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John O’Groats Mill to benefit from Historic Scotland Building Repair Grant

15th February 2013

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Photograph of John O’Groats Mill to benefit from Historic Scotland Building Repair Grant

John O’Groats Mill in Caithness is to receive a Historic Scotland Building Repair Grant of £221,316.

It is one of six historic sites in Scotland to benefit from this latest round of funding totalling £587,049.

The Mill was originally built as a threshing mill in 1750 and was rebuilt in 1901 as a corn mill. Between the 16th and 19th centuries, Caithness was known for its corn production and exported meal to ports across Scotland and the rest of Europe.

The site is a key example of industrial heritage in the area and is believed to be the last mill in Caithness to retain its working machinery

The Building Repair Grant scheme makes financial help available to property owners to meet the cost of high-quality repairs using traditional materials and specialist craftsman to conserve original features in buildings of special architectural or historic interest. In return, owners must maintain the building and allow some access to visitors.

Fiona Hyslop, Cabinet Secretary for Culture and External Affairs said: “It is essential that we maintain our historic Scottish buildings which form such a key part of our streetscape and also attract tourists from around the world.

“We have such a variety of fascinating buildings which all contribute to our heritage and we need to ensure that we preserve them for future generations to enjoy and also learn about their past.”

Pauline Megson, Projects Adviser for The Prince’s Regeneration Trust (PRT)) said: “The PRT is working with the North Highland Initiative and the local community in John O’Groats to restore the mill to working order and create a landmark visitor attraction in Caithness. We are delighted to receive the grant offer from Historic Scotland, which will make a significant contribution to the necessary repair of this important building. This will help secure the future of the mill for the enjoyment of locals and tourists alike.”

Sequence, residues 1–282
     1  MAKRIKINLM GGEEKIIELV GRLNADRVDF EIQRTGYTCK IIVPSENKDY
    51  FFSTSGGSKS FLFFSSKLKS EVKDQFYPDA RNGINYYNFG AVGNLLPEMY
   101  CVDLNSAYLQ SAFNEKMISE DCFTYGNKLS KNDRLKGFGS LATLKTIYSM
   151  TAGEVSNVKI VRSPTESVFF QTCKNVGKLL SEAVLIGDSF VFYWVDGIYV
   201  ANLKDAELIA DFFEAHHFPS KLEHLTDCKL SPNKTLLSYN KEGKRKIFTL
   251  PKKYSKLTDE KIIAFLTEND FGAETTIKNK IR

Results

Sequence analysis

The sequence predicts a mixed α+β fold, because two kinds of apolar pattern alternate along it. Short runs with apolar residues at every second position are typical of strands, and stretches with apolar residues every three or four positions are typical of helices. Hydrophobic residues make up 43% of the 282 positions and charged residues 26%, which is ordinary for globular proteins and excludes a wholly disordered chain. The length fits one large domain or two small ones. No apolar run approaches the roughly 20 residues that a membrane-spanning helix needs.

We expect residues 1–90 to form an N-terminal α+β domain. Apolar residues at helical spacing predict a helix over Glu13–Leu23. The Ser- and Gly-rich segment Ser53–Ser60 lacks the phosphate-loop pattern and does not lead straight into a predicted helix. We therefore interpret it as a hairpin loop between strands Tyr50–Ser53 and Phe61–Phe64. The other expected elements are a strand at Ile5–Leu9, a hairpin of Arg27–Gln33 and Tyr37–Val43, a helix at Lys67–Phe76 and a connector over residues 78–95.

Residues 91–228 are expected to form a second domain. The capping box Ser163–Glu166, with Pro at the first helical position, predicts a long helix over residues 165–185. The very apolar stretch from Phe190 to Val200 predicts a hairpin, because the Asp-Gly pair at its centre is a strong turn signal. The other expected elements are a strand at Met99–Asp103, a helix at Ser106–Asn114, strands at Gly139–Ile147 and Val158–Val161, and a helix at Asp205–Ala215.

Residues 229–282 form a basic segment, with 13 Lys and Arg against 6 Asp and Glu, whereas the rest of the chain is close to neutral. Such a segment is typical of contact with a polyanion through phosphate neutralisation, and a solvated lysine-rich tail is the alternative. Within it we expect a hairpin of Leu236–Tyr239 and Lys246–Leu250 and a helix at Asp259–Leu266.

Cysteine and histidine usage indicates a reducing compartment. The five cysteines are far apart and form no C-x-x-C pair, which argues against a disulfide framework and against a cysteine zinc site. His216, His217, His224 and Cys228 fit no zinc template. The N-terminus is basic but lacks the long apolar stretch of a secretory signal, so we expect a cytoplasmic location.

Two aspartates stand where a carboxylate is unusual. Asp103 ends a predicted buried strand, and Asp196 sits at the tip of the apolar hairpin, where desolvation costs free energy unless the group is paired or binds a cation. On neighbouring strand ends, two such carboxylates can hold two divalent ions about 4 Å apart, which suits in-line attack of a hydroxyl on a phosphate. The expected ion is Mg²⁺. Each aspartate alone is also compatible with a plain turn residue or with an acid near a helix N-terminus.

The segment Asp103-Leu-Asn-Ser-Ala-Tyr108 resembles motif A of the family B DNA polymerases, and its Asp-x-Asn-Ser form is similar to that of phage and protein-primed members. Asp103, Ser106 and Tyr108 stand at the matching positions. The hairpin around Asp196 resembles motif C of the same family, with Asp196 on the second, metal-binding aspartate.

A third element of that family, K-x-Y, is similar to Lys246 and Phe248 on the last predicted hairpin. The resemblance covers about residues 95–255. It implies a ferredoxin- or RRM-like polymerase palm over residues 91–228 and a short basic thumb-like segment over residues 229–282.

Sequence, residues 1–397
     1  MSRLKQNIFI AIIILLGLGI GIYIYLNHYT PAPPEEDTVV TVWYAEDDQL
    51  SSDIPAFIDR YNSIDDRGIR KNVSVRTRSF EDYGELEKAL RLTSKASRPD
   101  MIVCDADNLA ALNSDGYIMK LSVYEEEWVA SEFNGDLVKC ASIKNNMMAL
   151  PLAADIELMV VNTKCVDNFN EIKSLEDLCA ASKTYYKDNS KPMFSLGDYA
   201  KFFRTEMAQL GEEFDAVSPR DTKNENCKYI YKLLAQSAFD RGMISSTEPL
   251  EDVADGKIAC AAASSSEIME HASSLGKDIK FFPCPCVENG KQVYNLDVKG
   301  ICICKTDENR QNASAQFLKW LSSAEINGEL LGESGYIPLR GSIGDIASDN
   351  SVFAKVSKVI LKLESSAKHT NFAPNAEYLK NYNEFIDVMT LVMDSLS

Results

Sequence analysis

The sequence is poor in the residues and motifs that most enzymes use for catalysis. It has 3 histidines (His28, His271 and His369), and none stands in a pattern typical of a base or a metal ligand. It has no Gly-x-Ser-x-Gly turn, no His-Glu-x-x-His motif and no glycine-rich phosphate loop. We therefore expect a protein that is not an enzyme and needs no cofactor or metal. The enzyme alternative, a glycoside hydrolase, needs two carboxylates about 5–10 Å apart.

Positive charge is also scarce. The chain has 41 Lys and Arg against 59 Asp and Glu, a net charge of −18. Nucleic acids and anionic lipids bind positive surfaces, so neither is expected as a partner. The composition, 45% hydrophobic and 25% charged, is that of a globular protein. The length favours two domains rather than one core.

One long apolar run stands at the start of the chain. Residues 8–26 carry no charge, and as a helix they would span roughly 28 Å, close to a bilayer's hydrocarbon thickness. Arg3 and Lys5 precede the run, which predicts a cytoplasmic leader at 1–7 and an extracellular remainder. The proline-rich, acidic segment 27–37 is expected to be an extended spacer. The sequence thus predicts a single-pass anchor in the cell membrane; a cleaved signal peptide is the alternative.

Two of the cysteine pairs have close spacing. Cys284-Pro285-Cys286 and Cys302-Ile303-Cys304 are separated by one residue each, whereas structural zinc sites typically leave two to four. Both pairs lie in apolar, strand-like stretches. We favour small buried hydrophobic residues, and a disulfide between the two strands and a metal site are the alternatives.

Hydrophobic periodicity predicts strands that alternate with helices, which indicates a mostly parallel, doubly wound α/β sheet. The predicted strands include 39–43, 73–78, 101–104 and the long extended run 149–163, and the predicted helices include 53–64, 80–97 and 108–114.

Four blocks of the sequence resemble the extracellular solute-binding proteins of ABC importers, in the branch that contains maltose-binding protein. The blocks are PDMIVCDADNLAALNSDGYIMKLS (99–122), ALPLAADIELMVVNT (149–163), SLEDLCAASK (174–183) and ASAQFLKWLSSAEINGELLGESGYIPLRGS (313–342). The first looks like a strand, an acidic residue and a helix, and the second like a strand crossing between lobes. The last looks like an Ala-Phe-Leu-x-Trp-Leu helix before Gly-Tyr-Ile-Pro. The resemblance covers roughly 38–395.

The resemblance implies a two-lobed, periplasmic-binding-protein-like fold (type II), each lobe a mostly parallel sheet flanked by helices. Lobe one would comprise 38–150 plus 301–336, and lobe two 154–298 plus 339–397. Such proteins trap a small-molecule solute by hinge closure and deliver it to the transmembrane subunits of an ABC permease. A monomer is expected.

Other grant recipients include:

Crichton Memorial Church, Dumfries £175,528

Crichton Memorial Church, Dumfries, is a late 19th century cathedral style church, and was designed as part of the Crichton Lunatic Asylum.

Theatre Royal, Dumfries £ 24,624

This is the oldest theatre in use in Scotland and an extremely rare survival of an 18th century theatre, with connections to Robert Burns. Designed by local architect Thomas Boyd in 1790 – 2, and apparently modelled after the Theatre Royal in Bristol, the original building was a simple rectangular structure with a gabled front and a classical portico. This was a relatively standard pattern – for example the Theatre Royal in Edinburgh of 1869 was a more decorated version of the same.

Georgian theatres are extremely rare in Scotland and even in Britain.

St. Fillan’s Mill, Killin, Stirling £ 38,703

This is very unusual in Scotland as it is a 19th century mill built in a romantic decorative style. Sited at the water’s edge next to the Bridge of Dochart, just off the main street, it is built on the site of a succession of grain mills which date back to ancient times.

Alexandra Suspension Bridge, Tain £ 50,000

The Alexandra Suspension Bridge is an important decorative, wire-rope suspension bridge, the work of Rose Street Foundry Inverness 1902, the most important Highlands engineering foundry:

Roseburn House, Edinburgh £ 76,878

Roseburn House is a tower house dating back to 1582. It is believed that there may have been an earlier house on the site as many interesting carved stones are incorporated into the walls. It is an important example of a multi-period mansion house with significant early fabric in its 16th century tower

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